WHAT an irresponsible and biased piece of journalism. I'm referring to the front page article inciting more hatred towards the ever persecuted seagull.
These beautiful and protected birds receive unending criticism and abuse from a large section of the public already, so why does the Journal feel the need to fuel an already ignorant and negative view held by so many?
A view clearly shared by Francesca Taffs, who approached this topic with clear intent to vilify the gulls. Otherwise why would she be seen in every photo with her chips held out on the wall beside her, inviting the gulls? Let's face it, it's not the most intelligent move when eating on a sea front, and proves that either Francesca has no sense, or that she was "creating" her own biased story.
Was it a slow news week, or is this what we should expect from the North Devon Journal? Should we be reading every article with scepticism and concern that the story within has been fabricated?
You will argue that you have balanced your report with Trevor Beer's defending article, but there is a huge difference between the front page and page 32. How many people will have bothered to turn to this, especially if already biased against gulls?
There was a very positive article on BBC Spotlight in the week from Newquay where the residents are campaigning for wheelie bins because they understand it's their responsibility to take temptation away from the gulls.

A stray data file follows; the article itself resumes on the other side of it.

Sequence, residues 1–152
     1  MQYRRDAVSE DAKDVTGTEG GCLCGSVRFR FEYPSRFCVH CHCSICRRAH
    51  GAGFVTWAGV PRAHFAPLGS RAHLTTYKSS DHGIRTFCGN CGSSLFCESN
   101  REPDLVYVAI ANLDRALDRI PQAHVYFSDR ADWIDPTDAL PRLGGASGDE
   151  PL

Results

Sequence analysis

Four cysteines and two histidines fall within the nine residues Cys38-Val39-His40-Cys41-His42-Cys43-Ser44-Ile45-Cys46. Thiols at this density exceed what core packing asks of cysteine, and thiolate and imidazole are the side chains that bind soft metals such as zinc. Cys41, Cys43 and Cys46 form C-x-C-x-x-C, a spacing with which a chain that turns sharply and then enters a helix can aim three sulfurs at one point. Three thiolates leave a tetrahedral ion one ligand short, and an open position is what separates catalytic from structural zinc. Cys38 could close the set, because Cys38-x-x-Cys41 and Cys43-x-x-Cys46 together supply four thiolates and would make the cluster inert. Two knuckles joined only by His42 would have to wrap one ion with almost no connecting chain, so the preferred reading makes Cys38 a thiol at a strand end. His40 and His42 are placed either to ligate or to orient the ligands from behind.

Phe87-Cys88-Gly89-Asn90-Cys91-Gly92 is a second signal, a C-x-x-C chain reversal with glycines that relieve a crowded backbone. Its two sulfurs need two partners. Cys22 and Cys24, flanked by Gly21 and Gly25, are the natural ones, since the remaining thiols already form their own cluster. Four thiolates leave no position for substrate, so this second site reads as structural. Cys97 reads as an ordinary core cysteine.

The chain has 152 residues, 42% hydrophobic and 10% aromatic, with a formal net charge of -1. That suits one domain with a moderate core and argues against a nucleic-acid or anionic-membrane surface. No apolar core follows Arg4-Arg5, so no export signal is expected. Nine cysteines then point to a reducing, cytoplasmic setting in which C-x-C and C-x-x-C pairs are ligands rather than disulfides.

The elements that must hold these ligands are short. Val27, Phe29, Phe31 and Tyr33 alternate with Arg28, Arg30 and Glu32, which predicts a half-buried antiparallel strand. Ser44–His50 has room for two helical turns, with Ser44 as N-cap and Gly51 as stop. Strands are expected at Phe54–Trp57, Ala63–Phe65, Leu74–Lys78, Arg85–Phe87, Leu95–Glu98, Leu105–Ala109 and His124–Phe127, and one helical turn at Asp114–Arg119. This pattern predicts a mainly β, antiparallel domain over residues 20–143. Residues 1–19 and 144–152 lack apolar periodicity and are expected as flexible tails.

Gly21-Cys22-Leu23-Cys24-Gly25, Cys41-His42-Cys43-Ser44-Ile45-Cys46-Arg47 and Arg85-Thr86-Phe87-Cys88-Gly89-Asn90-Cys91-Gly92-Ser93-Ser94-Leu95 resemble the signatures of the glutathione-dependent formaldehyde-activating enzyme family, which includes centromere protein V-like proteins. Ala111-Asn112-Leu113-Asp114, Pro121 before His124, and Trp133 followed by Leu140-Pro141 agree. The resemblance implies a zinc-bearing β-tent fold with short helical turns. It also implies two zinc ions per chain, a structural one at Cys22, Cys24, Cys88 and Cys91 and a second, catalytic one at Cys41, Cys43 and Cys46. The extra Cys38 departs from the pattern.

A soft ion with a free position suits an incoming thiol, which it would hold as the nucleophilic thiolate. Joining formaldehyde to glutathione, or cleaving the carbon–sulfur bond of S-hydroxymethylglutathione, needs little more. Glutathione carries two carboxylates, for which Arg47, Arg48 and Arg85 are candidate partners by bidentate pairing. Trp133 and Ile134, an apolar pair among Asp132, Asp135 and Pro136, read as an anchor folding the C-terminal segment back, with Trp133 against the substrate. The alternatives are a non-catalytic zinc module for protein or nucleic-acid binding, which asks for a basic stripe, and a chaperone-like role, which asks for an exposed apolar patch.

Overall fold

Perhaps the Journal could find a journalist with a bit more gumption to look at the problem from a more productive and intelligent angle, and educate people into being more responsible and respectful for our precious wildlife.
Why have we as a race become so arrogant that we expect to live our lives without the intrusion of the other species surrounding us?
If you don't want gulls near you, don't eat on a seafront. You do have a choice.
There have been some fabulous photos of the dolphins frequenting our shores of late, but these seem to be so much more socially acceptable than the gulls who, like us, fiercely protect their young, and, like swans, mate for life.
You can't pick and choose the cute and appealing from the noisy opportunist.
Please can we all use our heads and stop being so destructive?
Editor's note: The front page story in question carried a cross reference to the full report on P7. Here we directed readers not only to Trevor Beer's column elsewhere in the paper, but my own editor's comment which highlighted the public's responsibility. Seagulls are most definitely an issue for Ilfracombe. If this was not the case it would not have been discussed at council level.